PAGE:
GORE IN THE STORE

REVIEW INDEX

SKINNER ****

Directed by Ivan Nagy. Starring Ted Raimi, Ricki Lake, David Warshofsky, Traci Lords, Richard Schiff. Horror, USA, 88 mins, cert 18.

Released in the UK on Dual Format DVD & Blu-ray by 101 Films on 14th October 2019.

 

For many years thought to be a 'lost' film, there are some that are likely to look at this new 4K restoration of 1993s SKINNER and wish that it still was, thanks to one potentially problematic scene that, although contextually not as inflammatory as some will take it to be, is unlikely to be included if they ever remade the movie.

 

Which is also highly unlikely as SKINNER has often been criticised for being a B-movie rip-off of THE SILENCE OF THE LAMBS, mainly because it has a killer who likes to skin his victims, but SKINNER has as much to do with THE SILENCE OF THE LAMBS as HALLOWEEN 5 does with PSYCHO – yeah, they both have killers who favour large kitchen knives but that’s about it.

 

However, despite its B-movie credentials and trashy pre-SCREAM slasher leanings it feels like director Ivan Nagy is actually invested in the material and at least trying to put together something that has a little bit of flair to it. The contrast in colours and use of shadows gives the film something more interesting to look at than the usual dull colour schemes that low budget straight-to-video horror movies normally have, and Nagy isn’t afraid to move his camera around a bit to create a sense of frenzy which goes a long way in keeping up the momentum.

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But the star of this show is Ted Raimi (WISHMASTER/THE GRUDGE) who plays Dennis Skinner (not the politician), a quiet and seemingly well mannered young man who rents a room from Kerry Tate (Ricki Lake – HAIRSPRAY), who is having marriage troubles with her husband Geoff Tate (not the singer). All seems well but at night Dennis is prone to butchering prostitutes and removing their skin to wear, which is problematic as he and Kerry begin to form a touching friendship, prompting Dennis to want to share his secret with his trusting landlord. However, he may not get the chance to tell her himself as hot on his tail is Heidi (Traci Lords – EXCISION), a previous victim who survived his attack but is now hideously disfigured and out for revenge.

 

So SKINNER is nothing we haven’t seen before but the aforementioned care and attention from Ivan Nagy, an engaging central performance from Ted Raimi that makes you wish he got more leading roles and some basic but effective make-up effects from KNB make the film a lot more enjoyable to sit through than your average early ‘90s slasher, and thanks to the 4K clean-up it looks a lot fresher than a lot of other similarly pitched movies from the era, despite retaining some of the grain from the original source.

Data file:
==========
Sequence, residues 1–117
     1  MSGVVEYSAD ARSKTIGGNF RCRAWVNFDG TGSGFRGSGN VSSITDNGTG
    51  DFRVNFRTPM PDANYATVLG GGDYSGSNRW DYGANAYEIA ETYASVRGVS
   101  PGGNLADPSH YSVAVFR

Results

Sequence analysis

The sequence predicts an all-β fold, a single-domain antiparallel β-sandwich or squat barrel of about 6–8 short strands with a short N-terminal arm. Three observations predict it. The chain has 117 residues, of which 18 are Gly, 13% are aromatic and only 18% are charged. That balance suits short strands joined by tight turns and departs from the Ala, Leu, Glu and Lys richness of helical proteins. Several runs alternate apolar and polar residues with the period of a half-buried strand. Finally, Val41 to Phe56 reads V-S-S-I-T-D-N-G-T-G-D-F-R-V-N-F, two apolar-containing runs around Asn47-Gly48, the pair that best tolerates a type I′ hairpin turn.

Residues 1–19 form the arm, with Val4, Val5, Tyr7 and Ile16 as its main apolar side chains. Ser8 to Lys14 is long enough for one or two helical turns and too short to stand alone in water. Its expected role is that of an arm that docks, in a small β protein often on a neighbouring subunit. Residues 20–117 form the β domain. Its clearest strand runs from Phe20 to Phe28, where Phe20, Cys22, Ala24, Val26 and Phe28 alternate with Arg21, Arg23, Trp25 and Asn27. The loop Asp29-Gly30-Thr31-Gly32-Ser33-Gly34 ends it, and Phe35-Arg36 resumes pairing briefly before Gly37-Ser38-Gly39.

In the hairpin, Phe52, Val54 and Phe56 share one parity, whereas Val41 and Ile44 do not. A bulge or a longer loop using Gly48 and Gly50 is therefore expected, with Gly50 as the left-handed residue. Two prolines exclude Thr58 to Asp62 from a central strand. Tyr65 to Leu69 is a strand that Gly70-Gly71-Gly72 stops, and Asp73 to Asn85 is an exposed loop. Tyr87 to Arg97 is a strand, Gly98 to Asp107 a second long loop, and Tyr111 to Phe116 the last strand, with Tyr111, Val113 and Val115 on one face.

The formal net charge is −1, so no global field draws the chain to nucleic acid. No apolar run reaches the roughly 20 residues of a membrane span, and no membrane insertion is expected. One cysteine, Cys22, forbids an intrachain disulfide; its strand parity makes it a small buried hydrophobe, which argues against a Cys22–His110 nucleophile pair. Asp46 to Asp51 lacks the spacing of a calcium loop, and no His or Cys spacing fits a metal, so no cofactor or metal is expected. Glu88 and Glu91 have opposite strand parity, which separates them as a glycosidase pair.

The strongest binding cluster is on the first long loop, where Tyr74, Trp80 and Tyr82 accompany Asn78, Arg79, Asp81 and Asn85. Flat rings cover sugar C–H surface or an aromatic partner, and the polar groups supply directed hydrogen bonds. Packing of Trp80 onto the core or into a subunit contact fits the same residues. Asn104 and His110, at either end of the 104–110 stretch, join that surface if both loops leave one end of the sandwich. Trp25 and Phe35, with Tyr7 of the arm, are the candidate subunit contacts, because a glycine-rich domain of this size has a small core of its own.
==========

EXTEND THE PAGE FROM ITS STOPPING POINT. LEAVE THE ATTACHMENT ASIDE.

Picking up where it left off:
That scene, however, is still likely to raise a few eyebrows. Dennis takes a particular dislike to a mouthy colleague at work, who just happens to be black, and sets about doing what he normally does to prostitutes, flaying the man and wearing his skin like a body suit (yes, he perfectly flays the whole upper torso and wears the skin like a coat) before chasing down his next potential victim. And if that wasn’t questionable enough he does it while imitating the man’s voice, which will no doubt just tip things over the edge for some. It is an uncomfortable scene, and not for the reasons that Ivan Nagy intended, but it is clearly meant for humour – however bizarre it may be – and not for malice. Ted Raimi does acknowledge the scene and how out of place it is during the bonus interview on the disc but it is probably best to put it down to naivety on the part of the filmmakers and leave it at that.

 

Apart from that blip, SKINNER will appeal to anyone who relishes the disturbing and often zany violence of movies like HENRY: PORTRAIT OF A SERIAL KILLER, THE TEXAS CHAINSAW MASSACRE 2 and even more modern gore-fests like TERRIFIER, and thanks to 101 Films this unlikely limited edition now has a quality release that will hopefully get it seen by more people and get SKINNER included whenever those ‘Best Horror Movies of the ‘90s’ lists get published, as it probably does deserve a mention.

 

Chris Ward

 

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